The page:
Several blogs, etc. have converged and got me thinking....
I was reading the Daily Telegraph over a scone this morning and a piece by Sir John Rose, chief executive of Rolls-Royce, caught my attention (and extracted below). He wrote
"Three years ago Rolls-Royce decided that we had to do something to try to address the declining level of interest in science in our schools and universities. That was the genesis of the Rolls-Royce Science Prize. Since then around 600 schools have participated.
Over the past 10 years, the number of A-level physics students has fallen from about 37,000 to 29,000 and maths students from 65,000 to 51,000. By contrast, in China and India there has been an explosion of interest in the sciences and they produce between them more than half a million engineering graduates a year, at least 20 times the number coming out of UK universities.
We have to take steps to correct this because in this new century science and scientists will be at the heart of most of the challenges the world now faces. Take just three trends: urbanisation, life expectancy and the threat to the environment. By 2030, a further 1.7bn people will be living in towns and cities. China alone expects to "urbanise" 400-500m people over the next decade. That is almost the equivalent of building Western Europe in less than 25 years.
Science will also provide the key to maintaining the UK's prosperity in today's harshly competitive, globalised economy. Our future economic performance as a nation depends crucially on our ability to move up the value-added chain and to compete on ideas that are incorporated into products and services.
The writing of scientific papers is not in itself a wealth-creating business. It is worth repeating Ivor Tiefenbrun's view: "It is not possible to sustain world-class education or research without world-class manufacturing. Manufacturing funds, originates, supports or facilitates around three quarters of all research.""
I also read "All is not well with the UK design industry" which starts:
“The creative industries account for more than seven per cent of the UK economy. But many are now struggling in the face of unprecedented overseas competition. The contribution made by the UK design sector has halved since 2000, with the number of larger agencies falling by one third.”
There is more supporting data in the blog and points to a NESTA text on Creating Entrepreneurship
"The ambition is to ensure that those entering the creative industries do so with the skills to sustain and grow their businesses"
As part of my leadership role I was tasked with making a difference on how we delivered packaging solutions to the business. This meant that all my team were engaged in M>W>D activities, as well as creating packaging. This took us into product-based change projects, involving the internal team as well as design technology suppliers, packaging convertors, design houses, rapid prototypers and many universities academic departments and units. Each member of my team looked after one or two projects and orchestrated the improvement activity. As every organisation was culturally different we needed so thinking tools that would help in this task.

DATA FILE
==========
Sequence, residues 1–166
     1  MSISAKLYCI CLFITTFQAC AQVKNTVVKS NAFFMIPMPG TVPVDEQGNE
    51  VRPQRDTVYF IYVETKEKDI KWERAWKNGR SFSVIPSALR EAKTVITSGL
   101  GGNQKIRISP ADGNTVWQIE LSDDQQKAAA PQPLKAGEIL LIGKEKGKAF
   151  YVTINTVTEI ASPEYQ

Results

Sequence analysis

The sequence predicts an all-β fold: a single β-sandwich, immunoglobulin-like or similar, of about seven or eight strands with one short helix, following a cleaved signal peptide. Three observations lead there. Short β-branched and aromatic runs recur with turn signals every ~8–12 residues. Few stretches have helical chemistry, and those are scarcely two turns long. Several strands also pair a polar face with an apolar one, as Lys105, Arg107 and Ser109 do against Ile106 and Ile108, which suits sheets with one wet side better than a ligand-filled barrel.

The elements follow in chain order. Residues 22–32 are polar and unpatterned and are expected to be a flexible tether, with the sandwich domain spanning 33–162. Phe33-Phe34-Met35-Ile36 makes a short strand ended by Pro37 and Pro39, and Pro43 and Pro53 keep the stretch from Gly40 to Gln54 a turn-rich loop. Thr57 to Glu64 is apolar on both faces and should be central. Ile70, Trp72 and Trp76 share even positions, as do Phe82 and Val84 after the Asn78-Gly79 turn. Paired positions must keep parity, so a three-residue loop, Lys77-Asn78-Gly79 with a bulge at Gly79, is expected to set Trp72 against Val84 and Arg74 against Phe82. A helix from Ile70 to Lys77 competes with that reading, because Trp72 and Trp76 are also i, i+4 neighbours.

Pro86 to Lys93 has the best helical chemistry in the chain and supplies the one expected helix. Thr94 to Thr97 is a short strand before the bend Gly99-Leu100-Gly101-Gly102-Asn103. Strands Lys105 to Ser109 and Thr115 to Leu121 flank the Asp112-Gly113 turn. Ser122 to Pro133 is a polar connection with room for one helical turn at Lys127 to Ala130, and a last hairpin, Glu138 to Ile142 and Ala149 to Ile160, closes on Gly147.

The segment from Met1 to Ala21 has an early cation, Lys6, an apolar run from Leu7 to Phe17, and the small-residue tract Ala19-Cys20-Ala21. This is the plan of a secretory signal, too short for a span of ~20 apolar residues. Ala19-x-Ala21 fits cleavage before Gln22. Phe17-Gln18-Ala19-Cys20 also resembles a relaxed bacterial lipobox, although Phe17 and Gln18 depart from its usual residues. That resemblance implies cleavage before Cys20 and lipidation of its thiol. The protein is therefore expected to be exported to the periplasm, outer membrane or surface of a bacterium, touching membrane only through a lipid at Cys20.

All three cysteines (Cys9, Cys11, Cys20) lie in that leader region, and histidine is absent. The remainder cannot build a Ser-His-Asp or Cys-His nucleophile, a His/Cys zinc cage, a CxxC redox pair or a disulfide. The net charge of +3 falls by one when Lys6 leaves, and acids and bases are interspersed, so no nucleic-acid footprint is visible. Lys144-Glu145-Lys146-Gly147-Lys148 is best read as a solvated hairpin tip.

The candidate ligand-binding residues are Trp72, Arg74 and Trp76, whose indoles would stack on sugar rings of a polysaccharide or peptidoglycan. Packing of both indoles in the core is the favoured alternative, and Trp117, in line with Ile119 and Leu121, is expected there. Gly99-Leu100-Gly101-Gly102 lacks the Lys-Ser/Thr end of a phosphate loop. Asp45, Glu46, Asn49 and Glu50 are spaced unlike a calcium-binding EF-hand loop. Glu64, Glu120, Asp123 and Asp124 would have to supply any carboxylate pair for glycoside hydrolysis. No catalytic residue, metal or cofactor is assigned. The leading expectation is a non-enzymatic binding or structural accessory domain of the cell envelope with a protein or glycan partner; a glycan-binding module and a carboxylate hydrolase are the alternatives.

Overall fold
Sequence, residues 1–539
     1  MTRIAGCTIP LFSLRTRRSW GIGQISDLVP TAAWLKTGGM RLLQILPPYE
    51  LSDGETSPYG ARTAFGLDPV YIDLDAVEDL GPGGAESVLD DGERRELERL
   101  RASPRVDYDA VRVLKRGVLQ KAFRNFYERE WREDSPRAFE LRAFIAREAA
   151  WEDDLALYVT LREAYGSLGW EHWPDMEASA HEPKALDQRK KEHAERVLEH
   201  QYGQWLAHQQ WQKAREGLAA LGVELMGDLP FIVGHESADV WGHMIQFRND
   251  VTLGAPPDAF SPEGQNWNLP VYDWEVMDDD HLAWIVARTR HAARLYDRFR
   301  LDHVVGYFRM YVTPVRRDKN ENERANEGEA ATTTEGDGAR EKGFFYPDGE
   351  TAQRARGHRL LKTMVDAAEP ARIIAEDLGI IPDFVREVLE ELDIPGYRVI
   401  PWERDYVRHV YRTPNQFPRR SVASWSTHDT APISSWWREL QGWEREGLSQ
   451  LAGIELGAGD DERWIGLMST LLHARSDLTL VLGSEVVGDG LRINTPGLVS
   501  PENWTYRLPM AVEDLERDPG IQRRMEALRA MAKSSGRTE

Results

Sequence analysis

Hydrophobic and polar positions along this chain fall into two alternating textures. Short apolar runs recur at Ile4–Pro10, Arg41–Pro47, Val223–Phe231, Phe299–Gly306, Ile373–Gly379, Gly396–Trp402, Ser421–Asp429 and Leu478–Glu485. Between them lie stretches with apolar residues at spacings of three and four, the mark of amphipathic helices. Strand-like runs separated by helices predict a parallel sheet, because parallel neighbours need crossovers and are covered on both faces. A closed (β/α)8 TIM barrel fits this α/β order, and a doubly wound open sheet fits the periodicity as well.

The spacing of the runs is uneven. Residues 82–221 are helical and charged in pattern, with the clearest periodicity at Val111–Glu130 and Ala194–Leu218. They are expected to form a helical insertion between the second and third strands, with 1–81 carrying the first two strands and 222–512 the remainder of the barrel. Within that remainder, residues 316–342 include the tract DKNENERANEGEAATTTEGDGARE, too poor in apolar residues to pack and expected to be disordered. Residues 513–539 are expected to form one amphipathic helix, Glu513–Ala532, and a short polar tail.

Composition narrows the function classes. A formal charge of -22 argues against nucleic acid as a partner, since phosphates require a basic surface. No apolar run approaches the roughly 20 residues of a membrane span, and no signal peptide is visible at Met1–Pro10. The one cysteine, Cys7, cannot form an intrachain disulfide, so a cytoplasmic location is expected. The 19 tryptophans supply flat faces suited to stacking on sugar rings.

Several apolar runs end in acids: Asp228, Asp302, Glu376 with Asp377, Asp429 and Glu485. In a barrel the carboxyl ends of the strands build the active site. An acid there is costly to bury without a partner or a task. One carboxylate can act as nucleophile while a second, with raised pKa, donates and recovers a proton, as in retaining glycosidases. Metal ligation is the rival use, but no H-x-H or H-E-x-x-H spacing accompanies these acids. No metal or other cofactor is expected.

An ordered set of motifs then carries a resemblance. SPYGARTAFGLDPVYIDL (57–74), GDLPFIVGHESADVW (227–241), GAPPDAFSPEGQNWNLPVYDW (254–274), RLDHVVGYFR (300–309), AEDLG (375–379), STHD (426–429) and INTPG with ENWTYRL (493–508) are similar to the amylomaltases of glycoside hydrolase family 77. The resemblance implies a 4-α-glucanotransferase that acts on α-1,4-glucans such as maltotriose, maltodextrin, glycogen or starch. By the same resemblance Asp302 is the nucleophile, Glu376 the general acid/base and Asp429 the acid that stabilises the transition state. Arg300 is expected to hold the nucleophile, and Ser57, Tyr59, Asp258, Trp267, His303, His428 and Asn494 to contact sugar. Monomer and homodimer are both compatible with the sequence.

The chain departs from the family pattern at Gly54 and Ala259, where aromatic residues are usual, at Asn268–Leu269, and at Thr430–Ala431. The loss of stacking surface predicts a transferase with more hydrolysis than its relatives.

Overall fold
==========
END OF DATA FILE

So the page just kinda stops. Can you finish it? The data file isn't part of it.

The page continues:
Professor Rob Goffee's Double-S cultural model proved to be useful for understanding who we were dealing with. The Double-S model is described here and here. This is a version annotated for innovation triggers
I attended one of prof. Goffee's presentations and he described his four quadrants in interesting ways, quoting a company that illustrated the culture
Picture by Est Bleu2007 . Used with thanks under CC.
Like Unilever: Drink a little, talk a lot.
Picture by maveric2003 . Used with thanks under CC.
Hewlett Packard and Johnson and Johnson: Live the vision.
Picture Uploaded by compujeramey . used with thanks under CC.
Typified by Mars: "We all worked together and suddenly he'd gone!"
University: Herding cats. 60 great professors who would rather not talk to each other.
So to quote someone else "It's not easy!" to build and orchestrate the networks of organisations and players (talent) to make things happen.
The Creativity Exchange has highlighted a working paper that highlights the challenges facing European innovation activities vs. the US. From my experiences in organisations with large regional or global activities and/or markets, it takes a loose orchestrating approach to make things work. We need to recognise difference as a driver for superb creativity. It is how we find the players, build a common, motivating vision together and operate in concert to create possible solutions, make them tangible and convert into winning experiences enabled by our products and services.
The challenge is that even in small organisations, say 12 people upwards, we see that these sorts of behaviour become visible and often it is these small organisations that have to energise partners to do incredible things for them in order to deliver!
So having waffled on, but feeling I have set the scene, I will reflect on this and return to the challenges shortly!
Picture uploaded by RBerteig. Used with thanks under CC.